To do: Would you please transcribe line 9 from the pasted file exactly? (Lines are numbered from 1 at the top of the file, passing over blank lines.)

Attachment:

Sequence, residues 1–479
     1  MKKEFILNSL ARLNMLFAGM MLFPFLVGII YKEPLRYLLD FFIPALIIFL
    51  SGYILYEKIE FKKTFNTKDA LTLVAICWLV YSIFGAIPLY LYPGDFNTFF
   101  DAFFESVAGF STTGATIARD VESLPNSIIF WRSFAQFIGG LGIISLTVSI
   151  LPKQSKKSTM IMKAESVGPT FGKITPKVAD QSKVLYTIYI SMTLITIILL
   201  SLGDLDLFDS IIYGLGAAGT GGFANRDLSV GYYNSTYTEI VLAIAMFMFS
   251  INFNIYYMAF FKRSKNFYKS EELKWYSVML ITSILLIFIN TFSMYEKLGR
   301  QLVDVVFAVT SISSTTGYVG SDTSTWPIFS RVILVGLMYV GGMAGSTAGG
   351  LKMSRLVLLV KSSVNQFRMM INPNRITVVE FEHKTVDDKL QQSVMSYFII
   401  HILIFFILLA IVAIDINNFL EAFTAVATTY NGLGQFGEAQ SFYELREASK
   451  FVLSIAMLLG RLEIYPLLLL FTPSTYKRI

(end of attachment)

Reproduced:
   351  LKMSRLVLLV KSSVNQFRMM INPNRITVVE FEHKTVDDKL QQSVMSYFII